By Naveed Mansoori
Don Imus shocked audiences on April 4 when he referred to the women of the Rutgers University basketball team as “nappy-headed hos” on his morning radio show, “Imus in the Morning.” CBS canceled the show, sparking a fury of debate regarding the issue of free speech.
Jeff Schechtman, general manager and program director of Napa County’s KVON 1440 AM, believes that CBS’ actions were harsh and extensive.
“Had [CBS] continued [the show] we would have kept it on the air,” Schechtman said. “We think what happened was massively blown out of proportion. There are a lot of people on the radio who have said a lot worse … we don’t need Al Sharpton and Jesse Jackson going around saying what they have been saying.”
Both Sharpton and Jackson have been very vocal since Imus’ gaffe, speaking out against Imus’ shock-jock tactics and leading protests against NBC.
Among Imus’ defenders are Rosie O’ Donnell and Bill Maher, who have both said that Imus’ freedom of speech has been compromised and that his apology should be enough.
Keith Royer, operations manager at Santa Barbara’s local radio station KTMS 99 AM, was tentative in stating that CBS’ decision to cut “Imus In The Morning” was overkill, but did see the empty timeslot as an opportunity to run local programming.
“Don Imus has to figure it out for himself,” Royer said. “I think history will show us whether [his statement] was for some good, whether something unforeseen may come out of this.”
David Greene, executive director of the First Amendment Project, a non-profit organization dedicated to protecting and promoting freedom of information, expression and petition, stated his hopes that this incident wouldn’t spark a heightened awareness about profanity and obscenities on the radio.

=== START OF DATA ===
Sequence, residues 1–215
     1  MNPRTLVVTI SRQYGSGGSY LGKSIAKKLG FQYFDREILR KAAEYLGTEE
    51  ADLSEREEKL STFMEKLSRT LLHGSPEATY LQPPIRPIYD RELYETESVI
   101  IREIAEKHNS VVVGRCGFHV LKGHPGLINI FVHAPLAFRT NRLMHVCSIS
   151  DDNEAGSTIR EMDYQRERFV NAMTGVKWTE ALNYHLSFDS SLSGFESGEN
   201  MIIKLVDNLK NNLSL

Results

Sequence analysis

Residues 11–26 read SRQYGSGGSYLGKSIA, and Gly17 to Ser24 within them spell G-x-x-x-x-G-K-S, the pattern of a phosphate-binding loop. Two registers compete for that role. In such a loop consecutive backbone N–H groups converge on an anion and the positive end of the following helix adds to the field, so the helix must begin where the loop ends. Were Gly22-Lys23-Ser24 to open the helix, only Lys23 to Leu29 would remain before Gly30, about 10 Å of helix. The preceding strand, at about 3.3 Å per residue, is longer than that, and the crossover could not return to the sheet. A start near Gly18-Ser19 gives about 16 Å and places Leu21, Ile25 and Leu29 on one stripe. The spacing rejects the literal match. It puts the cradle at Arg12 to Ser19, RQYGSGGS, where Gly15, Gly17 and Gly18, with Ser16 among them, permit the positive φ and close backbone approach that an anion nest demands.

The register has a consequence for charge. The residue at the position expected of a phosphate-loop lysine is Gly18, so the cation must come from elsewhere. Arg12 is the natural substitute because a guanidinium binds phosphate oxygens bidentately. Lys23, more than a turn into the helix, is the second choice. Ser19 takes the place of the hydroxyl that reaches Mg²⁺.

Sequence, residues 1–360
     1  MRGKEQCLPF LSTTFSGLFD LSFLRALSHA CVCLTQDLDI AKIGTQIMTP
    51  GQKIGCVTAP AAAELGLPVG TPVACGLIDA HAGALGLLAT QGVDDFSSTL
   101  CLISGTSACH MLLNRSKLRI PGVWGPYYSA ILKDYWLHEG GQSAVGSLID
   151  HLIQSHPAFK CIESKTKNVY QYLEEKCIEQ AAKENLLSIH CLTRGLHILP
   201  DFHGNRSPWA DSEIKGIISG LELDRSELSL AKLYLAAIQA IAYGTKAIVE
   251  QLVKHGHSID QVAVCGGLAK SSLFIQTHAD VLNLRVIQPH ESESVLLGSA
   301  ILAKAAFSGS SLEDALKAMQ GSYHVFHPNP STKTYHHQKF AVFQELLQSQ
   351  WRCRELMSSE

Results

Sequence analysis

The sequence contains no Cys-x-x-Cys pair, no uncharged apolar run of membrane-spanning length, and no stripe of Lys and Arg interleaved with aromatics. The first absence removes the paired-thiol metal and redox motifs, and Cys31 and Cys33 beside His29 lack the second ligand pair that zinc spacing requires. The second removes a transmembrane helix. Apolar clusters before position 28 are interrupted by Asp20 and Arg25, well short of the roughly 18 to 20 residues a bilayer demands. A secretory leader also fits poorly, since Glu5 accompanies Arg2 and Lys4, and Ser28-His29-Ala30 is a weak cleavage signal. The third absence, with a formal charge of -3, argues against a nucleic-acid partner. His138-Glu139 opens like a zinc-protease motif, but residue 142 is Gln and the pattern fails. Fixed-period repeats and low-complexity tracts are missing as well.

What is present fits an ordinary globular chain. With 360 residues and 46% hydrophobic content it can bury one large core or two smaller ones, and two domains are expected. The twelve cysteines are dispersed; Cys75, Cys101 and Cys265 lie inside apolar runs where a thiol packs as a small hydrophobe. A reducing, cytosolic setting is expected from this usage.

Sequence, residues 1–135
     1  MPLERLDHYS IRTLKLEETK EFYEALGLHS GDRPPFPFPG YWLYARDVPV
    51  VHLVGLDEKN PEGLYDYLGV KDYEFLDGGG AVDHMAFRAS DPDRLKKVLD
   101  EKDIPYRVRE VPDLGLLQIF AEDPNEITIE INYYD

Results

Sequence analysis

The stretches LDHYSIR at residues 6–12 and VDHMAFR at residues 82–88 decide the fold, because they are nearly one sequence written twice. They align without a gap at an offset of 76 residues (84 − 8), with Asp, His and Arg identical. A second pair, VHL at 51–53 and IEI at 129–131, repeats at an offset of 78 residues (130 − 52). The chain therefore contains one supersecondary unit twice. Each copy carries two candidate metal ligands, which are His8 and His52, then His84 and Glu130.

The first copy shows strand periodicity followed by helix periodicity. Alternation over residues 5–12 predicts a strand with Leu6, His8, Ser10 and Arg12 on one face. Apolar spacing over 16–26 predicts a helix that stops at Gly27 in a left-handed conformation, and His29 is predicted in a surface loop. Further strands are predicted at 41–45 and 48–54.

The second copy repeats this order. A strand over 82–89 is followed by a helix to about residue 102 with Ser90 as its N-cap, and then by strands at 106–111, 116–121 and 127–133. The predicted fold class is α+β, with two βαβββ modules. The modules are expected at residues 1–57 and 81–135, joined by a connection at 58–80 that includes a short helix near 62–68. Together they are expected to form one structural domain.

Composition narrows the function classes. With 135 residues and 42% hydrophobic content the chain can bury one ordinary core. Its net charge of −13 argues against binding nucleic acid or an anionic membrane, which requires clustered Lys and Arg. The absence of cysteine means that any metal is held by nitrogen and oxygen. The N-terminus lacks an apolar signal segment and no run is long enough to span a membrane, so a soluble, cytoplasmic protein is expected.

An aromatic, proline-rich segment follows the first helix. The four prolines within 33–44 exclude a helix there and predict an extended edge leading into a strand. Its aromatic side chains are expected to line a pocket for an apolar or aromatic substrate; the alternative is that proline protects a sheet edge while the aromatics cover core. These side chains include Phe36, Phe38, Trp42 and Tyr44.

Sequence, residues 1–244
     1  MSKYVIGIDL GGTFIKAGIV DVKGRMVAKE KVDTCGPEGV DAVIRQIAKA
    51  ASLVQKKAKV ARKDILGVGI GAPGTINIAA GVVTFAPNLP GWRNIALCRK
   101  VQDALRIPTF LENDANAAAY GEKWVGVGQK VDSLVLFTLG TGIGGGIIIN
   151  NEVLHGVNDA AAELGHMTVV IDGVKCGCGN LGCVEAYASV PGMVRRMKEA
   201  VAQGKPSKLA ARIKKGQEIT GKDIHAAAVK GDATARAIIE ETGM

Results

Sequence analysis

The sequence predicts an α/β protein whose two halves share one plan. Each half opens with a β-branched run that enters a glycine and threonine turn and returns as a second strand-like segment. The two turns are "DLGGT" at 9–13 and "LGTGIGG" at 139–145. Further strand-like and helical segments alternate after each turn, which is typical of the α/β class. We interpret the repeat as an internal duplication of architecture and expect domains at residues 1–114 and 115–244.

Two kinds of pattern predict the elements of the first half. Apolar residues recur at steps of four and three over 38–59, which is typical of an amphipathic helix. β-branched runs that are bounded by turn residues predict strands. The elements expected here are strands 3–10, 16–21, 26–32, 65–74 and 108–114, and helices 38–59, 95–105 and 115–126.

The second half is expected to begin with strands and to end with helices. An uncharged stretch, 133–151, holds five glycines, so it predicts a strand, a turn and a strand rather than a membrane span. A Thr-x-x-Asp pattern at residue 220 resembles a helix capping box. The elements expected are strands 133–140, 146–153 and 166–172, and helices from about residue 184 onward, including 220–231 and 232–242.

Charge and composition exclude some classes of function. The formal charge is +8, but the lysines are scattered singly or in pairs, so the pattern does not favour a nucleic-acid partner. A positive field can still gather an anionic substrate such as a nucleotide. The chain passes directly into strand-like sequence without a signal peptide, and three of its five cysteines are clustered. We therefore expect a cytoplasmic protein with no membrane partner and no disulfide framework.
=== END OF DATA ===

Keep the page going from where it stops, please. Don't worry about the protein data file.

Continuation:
“I hope that this event isn’t used as an impetus to drive more commentary that uses similar language,” Greene said. “If they said, ‘Let’s get rap music off the air,’ I think that’s contextualizing the statement in a wrong way.”
The Federal Communications Commission (FCC) has refused involvement in this issue because Imus’s statement does not fall under its definition of “obscene, indecent, or profane.”
The current definition of “profane” employed by the FCC “[includes] language so grossly offensive to members of the public who actually hear it as to amount to a nuisance.”
David Ensslin, spokesman for the FCC, refused to answer any questions pertaining to the legality of the FCC’s decision.
“All I can say is that we’ve had a lot of complaints,” Ensslin said.
Greene explained that Imus’ statement was offensive and humorless, but said the FCC’s faulty definition of “profanity” did not allow for governmental action to be taken.
“I think the [FCC’s] definition is so terrible [and] so obviously unconstitutional that it’s difficult to see if this falls under it,” Greene said. “One reason I think it’s unconstitutional is because it’s so vague.”
Royer stated that the FCC drew out intentionally loose standards so that any given statement or action could be interpreted by a local community.
Royer said, “I don’t know if there is a community in America where it would be okay to denigrate so much [of] a person or a team, it was just a stupid thing to say.”